Thus, for example, economy is invoked to account for the distribution of zero vs. overt morphological marking across particular categories (e.g., singular vs. plural, or subject vs. object: Croft (2003), among several others), but this is based on the distribution itself, rather than any specific evidence that economy plays a role in the development of the markers. The presumed prototype structure of particular grammatical categories is used to account for the fact that the members of these categories do not display exactly the same range of properties cross-linguistically (Hopper & Thompson (1984), Croft (1991), among others), but this structure is postulated based on the synchronic distribution of the various properties, not the fact that it can be shown to play a role in how they originate in individual languages. The existence of a universal conceptual space that is part of a speaker's mental representation is used to account for the fact that languages display recurrent multifunctionality patterns cross-linguistically, that is, patterns whereby the range of meanings encoded by a single form is typically the same from one language to another. The conceptual space, however, is postulated based on the multifunctionality patterns in themselves, not the fact that it can be shown to play a role in the diachronic processes that give rise to the relevant multifunctionality patterns in the various languages (see Cristofaro (2010) for detailed discussion of this volume).
Over the past decades, however, a number of linguists working within the functional-typological approach, particularly Bybee (1988, 2008), and Dryer (2006), have argued that, since the distributional patterns for particular constructions are a result of specific diachronic processes, the explanations proposed for individual patterns should refer to these processes, rather than the patterns in themselves (see also Newmeyer 1998, 2002, and 2005). For example, Bybee (1988) has argued that a number of word order correlations, such as the correlation between the order of adposition and noun and that of possessor and possessee in possessive constructions, originate because one of the two constructions involved develops from the other and maintains the original order of the latter, not because of (ultimately psychological) principles that may be formulated in order to account for these correlations on synchronic grounds, such as processing ease.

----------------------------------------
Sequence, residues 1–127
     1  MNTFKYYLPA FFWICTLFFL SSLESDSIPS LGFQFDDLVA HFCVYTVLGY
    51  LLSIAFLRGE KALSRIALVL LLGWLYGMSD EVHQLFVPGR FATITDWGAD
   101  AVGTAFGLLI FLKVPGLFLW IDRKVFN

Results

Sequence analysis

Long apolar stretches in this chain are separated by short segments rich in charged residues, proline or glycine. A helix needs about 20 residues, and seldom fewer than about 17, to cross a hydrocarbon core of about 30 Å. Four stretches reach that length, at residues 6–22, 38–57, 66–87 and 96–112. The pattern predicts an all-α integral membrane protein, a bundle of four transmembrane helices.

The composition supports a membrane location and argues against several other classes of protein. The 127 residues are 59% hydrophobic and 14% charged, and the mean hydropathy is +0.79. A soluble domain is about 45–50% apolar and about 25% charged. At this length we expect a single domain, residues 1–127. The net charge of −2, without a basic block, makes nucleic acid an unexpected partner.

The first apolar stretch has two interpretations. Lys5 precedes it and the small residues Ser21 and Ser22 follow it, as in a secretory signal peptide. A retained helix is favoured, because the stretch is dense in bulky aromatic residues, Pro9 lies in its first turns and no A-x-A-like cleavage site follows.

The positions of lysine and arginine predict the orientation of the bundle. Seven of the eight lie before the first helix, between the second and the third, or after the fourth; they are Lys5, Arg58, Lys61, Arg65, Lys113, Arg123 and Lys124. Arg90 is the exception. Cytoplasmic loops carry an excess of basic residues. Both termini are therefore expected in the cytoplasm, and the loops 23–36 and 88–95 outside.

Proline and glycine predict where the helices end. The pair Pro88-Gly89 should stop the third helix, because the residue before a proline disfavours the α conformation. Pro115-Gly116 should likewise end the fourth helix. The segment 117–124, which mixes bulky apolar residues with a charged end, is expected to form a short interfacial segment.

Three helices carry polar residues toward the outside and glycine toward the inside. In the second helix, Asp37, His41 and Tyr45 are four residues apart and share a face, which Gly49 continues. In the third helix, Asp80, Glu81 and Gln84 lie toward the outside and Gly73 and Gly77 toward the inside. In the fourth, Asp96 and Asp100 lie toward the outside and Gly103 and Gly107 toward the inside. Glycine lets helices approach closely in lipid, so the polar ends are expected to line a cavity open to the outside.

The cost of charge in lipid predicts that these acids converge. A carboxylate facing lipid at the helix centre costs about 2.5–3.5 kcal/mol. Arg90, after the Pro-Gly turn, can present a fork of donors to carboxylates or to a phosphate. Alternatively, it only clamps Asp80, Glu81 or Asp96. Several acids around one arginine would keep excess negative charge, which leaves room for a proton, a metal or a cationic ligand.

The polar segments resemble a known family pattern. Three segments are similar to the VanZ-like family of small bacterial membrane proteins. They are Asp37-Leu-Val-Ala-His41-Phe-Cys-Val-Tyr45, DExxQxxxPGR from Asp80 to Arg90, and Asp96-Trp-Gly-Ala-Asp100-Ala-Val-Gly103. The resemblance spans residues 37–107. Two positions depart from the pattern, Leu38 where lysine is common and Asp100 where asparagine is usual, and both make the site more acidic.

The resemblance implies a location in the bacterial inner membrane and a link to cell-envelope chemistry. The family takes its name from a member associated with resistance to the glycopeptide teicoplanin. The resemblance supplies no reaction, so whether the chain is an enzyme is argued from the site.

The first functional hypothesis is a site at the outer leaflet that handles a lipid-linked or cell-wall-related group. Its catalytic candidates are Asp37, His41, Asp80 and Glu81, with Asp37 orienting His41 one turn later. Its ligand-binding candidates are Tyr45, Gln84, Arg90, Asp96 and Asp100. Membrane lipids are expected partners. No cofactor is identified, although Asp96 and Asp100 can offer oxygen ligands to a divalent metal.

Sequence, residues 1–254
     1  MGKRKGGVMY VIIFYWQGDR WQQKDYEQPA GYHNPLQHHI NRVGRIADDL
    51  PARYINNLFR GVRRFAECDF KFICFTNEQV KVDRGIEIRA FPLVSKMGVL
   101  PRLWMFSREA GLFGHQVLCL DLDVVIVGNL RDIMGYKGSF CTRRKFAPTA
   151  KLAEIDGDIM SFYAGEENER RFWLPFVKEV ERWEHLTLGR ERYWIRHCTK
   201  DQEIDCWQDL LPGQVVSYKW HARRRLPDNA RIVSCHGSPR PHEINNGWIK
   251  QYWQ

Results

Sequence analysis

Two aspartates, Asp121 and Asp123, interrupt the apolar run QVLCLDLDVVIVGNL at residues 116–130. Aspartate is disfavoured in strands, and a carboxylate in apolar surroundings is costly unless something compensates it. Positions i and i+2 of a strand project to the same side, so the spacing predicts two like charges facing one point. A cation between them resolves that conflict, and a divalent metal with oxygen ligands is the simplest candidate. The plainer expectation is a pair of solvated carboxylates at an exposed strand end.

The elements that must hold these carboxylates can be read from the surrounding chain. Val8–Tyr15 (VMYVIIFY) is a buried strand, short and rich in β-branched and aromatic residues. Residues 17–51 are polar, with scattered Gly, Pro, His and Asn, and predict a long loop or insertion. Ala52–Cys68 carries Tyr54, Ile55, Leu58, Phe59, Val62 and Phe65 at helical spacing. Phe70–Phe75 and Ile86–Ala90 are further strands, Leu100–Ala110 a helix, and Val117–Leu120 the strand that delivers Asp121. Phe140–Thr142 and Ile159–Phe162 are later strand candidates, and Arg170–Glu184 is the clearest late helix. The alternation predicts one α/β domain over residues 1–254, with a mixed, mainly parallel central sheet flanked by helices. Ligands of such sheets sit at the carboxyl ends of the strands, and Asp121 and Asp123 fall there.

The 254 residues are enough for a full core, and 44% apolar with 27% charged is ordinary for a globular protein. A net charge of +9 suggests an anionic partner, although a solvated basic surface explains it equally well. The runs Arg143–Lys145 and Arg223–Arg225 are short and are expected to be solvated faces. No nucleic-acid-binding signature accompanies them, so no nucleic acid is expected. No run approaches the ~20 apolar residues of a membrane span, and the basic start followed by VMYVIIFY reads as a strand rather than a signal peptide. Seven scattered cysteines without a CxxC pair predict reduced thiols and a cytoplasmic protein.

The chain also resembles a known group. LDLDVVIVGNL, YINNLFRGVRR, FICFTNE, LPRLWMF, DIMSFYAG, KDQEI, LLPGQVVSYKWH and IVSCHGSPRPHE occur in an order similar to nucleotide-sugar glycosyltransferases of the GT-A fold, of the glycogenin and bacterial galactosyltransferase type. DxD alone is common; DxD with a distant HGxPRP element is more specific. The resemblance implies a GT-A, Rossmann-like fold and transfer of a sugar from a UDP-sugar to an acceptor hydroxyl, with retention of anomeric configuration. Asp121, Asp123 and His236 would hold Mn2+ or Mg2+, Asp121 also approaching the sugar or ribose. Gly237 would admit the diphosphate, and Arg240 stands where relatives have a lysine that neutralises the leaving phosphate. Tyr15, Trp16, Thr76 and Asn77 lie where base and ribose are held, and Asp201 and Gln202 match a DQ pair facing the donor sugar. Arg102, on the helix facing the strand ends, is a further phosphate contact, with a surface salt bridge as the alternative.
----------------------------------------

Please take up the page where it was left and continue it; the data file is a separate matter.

This argument implies that, in principle, any assumption about the psychological mechanisms or types of mental representation underlying particular distributional patterns should take into account the diachronic processes that give rise to these patterns. If it cannot be shown that particular psychological mechanisms or types of mental representation play a role in these processes, then it is not straightforward that the patterns can be taken as evidence for those mechanisms or types of mental representation.
This is in line with a point that has been repeatedly raised by linguists from different theoretical backgrounds over the past decade, namely that distributional evidence is not, per se, evidence about mental representation, because distributional patterns are in fact compatible with several types of mental representation (Croft (1998), Dabrowska (2004), Haspelmath (2004)). In the actual research practice, however, assumptions about psychological mechanisms and mental representation made on synchronic grounds are usually not tested against the diachronic processes that give rise to the relevant distributional patterns. Conversely, even when particular processes of language change point to specific psychological mechanisms, as is often the case with grammaticalization processes, these results are not usually used to test the assumptions that have been made about the relevant distributional patterns on synchronic grounds.
In what follows, various cases will be discussed illustrating a number of ways in which the diachronic processes that give rise to particular distributional patterns may not support the assumptions about a speaker's mental organization that can be made in order to account for these patterns on synchronic grounds. Attention will be focused on two types of phenomena, the organization of alignment systems (Section 2) and so-called prototype effects in parts of speech categories (Section 3). While these phenomena have mainly been investigated within the functional-typological approach, rather than cognitive linguistics proper, they involve a number of synchronic distributional patterns that have been used to make hypotheses about specific psychological mechanisms and types of mental representation. Based on data on the history of several languages from different families, it will be shown that at least some of the diachronic processes that may give rise to the various patterns do not actually provide evidence in support of these hypotheses. The same patterns may be the result of different diachronic processes in different cases, and these processes, while ultimately cognitively based, are not amenable to a unified explanation, and involve different mechanisms than those that can be postulated on synchronic grounds.